In 1961 a book appeared with the widely embracing title Introduction to Geometry. Its author was H. S. M. Coxeter who, in the preface, said that ‘For the past thirty or forty years, most Americans have somehow lost interest in geometry. The present book constitutes an attempt to revitalize this sadly neglected subject’.
It’s hard to say what effect that book has had in terms of the author’s overall aim; but I know that it was highly valued by many mathematical educators of that era. Unfortunately, it seemed to exert (at most) transient influence over the development of geometry in school or university mathematics. This, I feel, was because it isn’t a textbook as such, but rather, in the spirit of Birkhoff and MacLane, more akin to a ‘survey of modern geometry’. Moreover, it was regarded as too challenging for direct student use, and it is still hard to see how one could base an introductory course on it.
Six years later, however, there appeared this book, co-authored with S.L. Greitzer. Its purpose was the same as Coxeter’s book of 1961, but the contents and structure are entirely different, and much more likely to achieve the stated aim.
Of course, it may seem strange to be reviewing a book that was published over forty years ago but, having been unable to locate any previous review of this excellent book, it is surely a case of ‘better late than never’.
The title and the contents give a clue to the book’s main purpose. That is, to reawaken interest in geometry amongst those who have some prior knowledge of the subject, however rusty that may be. Consequently, as it says on the back cover, the early chapters take the reader by easy stages from very simple ideas into the core of the subject. For this purpose, the six chapters are sequenced as follows:
Points and lines connected with a triangle
Properties of circles.
Collinearity and concurrence
The chapter headings, in themselves, give little clue as to the style of the book. It is written with great clarity; it is well-illustrated and charmingly interspersed with interesting historical observations. In the process, the ideas and influence of over one hundred geometers are discussed — including lesser knowns ones such as Oene Bottema, Napoleon Bonaparte and A.Peaucellier.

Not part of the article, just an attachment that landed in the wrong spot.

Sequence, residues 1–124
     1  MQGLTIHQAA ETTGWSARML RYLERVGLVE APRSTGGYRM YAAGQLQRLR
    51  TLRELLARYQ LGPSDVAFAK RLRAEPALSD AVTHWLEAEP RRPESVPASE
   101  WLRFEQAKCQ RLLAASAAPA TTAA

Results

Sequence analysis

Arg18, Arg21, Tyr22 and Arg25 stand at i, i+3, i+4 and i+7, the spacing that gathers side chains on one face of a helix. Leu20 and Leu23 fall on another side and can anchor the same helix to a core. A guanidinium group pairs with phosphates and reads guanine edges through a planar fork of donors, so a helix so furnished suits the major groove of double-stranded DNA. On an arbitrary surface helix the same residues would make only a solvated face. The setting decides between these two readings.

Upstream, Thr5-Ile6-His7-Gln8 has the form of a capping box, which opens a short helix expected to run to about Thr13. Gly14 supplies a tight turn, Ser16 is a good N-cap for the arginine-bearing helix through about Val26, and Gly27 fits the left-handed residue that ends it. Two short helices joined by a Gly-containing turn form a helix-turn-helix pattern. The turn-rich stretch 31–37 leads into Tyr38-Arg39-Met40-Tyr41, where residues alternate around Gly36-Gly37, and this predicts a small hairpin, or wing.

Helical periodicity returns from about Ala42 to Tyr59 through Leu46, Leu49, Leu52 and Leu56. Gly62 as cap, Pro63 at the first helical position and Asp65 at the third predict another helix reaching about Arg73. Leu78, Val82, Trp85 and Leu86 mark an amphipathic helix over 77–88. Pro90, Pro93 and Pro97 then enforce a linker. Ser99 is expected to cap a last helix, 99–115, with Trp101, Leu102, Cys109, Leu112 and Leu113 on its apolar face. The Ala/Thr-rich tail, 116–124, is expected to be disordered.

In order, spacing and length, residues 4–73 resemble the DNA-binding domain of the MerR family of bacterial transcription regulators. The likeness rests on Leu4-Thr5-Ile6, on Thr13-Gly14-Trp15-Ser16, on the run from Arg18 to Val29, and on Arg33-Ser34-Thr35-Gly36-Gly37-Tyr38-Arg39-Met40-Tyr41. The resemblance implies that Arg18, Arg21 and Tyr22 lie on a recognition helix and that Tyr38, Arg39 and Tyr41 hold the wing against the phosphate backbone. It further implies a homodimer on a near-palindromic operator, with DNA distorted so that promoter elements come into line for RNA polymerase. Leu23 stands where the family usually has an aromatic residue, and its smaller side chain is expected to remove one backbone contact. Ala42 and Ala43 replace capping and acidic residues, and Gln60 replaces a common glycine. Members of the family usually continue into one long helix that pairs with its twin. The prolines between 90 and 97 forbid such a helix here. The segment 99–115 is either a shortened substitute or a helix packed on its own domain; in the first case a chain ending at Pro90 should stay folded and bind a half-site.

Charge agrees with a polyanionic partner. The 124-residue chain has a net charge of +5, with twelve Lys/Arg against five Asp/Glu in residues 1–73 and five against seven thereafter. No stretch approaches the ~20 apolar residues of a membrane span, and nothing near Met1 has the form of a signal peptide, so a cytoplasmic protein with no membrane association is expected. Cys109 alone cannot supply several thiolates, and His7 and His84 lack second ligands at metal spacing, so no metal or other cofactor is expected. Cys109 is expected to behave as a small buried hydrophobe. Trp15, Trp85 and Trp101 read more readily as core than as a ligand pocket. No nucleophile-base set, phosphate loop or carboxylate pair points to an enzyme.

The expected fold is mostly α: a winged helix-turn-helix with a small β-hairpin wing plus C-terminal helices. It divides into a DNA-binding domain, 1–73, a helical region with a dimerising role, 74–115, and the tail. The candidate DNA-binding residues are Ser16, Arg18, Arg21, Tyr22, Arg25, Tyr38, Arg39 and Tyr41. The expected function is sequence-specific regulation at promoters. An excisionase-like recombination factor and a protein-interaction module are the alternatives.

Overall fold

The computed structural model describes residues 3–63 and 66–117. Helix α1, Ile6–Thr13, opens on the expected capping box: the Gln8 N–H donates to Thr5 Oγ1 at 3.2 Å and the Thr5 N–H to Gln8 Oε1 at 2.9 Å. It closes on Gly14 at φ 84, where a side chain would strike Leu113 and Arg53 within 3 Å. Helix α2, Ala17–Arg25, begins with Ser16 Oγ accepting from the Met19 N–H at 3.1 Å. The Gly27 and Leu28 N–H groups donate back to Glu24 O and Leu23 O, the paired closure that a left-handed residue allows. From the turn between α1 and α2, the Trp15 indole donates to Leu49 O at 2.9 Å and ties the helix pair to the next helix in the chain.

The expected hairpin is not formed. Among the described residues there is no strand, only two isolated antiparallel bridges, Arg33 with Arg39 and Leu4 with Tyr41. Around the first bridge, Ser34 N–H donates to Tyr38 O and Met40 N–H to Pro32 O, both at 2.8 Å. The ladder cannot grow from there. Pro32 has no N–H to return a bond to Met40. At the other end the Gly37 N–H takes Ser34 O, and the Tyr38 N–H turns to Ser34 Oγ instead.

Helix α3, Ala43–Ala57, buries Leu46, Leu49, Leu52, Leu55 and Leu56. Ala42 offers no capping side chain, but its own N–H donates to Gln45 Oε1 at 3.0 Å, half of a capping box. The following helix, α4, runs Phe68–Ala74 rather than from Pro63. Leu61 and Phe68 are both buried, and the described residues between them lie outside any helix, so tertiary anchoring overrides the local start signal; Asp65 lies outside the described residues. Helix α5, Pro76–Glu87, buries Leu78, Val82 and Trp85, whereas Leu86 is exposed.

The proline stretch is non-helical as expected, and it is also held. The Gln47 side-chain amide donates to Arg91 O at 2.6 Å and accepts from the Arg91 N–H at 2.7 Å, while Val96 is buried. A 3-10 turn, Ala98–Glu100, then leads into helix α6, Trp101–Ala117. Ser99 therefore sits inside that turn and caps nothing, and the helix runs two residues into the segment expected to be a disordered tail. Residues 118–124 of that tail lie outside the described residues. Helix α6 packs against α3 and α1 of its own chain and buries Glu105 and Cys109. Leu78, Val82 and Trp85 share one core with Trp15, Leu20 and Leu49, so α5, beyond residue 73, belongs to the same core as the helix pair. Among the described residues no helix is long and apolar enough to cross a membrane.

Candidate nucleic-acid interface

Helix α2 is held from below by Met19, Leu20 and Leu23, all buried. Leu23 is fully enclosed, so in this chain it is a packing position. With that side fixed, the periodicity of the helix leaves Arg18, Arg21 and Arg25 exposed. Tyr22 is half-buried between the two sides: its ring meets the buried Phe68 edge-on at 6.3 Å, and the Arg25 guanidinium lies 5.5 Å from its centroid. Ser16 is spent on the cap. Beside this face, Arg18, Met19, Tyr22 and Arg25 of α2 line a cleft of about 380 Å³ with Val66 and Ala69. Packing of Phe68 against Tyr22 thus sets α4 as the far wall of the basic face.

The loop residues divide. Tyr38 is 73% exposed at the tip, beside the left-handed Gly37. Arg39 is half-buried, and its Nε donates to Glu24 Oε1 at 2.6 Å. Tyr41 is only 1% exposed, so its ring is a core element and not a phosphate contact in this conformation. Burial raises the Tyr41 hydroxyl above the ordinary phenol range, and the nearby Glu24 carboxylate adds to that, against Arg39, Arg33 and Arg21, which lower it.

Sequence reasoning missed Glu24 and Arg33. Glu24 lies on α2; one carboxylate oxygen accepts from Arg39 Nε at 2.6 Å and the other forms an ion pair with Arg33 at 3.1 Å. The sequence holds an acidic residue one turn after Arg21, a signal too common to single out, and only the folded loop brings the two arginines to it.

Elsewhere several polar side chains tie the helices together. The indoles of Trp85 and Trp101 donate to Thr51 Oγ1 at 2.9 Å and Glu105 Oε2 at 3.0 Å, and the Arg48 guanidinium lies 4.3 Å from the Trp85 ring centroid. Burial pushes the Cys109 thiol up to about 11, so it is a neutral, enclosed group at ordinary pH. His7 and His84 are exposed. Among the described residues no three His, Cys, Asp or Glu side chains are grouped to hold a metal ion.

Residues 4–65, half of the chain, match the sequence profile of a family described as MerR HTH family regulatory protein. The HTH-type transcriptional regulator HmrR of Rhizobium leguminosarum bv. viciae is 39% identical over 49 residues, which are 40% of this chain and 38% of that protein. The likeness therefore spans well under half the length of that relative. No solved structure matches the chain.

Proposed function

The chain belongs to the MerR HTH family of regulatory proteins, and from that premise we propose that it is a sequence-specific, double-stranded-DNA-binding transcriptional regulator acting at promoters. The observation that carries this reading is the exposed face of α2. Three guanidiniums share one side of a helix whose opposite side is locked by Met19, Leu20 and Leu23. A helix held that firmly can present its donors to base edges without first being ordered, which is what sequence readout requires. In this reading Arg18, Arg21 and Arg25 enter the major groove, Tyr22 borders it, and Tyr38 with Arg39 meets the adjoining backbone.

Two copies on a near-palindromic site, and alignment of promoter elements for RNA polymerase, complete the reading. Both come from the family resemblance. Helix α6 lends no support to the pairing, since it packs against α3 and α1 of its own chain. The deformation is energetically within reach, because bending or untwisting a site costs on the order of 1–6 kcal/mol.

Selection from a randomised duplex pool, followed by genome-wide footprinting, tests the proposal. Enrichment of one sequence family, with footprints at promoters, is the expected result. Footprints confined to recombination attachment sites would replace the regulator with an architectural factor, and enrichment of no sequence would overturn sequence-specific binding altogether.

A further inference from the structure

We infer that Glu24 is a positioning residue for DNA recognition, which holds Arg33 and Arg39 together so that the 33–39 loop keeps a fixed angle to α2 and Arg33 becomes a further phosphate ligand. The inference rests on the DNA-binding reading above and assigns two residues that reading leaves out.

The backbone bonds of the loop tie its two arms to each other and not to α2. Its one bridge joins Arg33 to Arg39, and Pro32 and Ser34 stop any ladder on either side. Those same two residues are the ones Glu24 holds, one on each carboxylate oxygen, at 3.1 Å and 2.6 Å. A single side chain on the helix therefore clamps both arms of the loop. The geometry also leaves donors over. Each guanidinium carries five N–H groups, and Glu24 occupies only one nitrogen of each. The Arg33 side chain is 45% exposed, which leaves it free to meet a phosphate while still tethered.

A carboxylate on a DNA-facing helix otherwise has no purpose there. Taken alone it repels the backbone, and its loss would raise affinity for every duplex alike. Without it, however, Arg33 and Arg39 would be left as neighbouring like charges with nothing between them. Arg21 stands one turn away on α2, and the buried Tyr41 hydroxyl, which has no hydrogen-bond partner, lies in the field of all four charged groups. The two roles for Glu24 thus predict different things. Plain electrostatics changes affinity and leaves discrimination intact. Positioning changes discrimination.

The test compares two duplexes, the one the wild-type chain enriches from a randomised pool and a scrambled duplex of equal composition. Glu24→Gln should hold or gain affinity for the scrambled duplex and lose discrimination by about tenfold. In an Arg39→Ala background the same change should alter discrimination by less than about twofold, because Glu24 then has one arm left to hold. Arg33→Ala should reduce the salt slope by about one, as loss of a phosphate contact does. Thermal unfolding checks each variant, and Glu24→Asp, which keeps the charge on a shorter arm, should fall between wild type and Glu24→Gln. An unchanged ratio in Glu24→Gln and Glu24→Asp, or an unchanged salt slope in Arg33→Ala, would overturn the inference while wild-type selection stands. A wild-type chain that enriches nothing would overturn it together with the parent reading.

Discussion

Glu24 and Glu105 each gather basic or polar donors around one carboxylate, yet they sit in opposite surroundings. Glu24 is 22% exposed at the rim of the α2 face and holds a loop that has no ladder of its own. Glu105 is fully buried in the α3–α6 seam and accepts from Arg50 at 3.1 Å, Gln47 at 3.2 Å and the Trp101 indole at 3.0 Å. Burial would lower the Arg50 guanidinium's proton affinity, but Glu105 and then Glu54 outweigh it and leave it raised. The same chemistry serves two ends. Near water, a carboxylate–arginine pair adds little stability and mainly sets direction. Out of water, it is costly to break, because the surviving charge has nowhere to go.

Among many beautiful and surprising theorems included in this book are those by Ceva, Menelaus, Morley, Brianchon, Steiner-Lehmus and Feuerbach. The proofs in themselves are always interesting, and often non-standard.
But, apart from triangle theorems, many fascinating aspects of circles, quadrilaterals and conics are revealed, and the book explains the importance of the transformational viewpoint, beginning with the isometries and leading nicely into inversion and projective transformations.
Overall, I found the chapter that introduces inversive geometry particularly enjoyable; it includes a metric for inversive distance that relates very nicely to Steiner’s porism. As for the book’s final chapter, the approach to projective geometry is synthetic and perhaps, to quote an English saying, ‘not everyone’s cup of tea’.
Lastly, the exercises in the book are of equal interest as the main text itself. They extend the ideas previously introduced and encourage investigational participation.
Having read this book from cover-to-cover and worked through every problem, I can declare it to totally error-free. It deserves never to be out of print and could readily form the basis of an introductory geometry course in any undergraduate programme.
Peter Ruane, like many others whose pedagogical aspirations are thwarted by the constraints of curricular intertia, wistfully regrets that he never had opportunity to teach a course based upon a book like this one.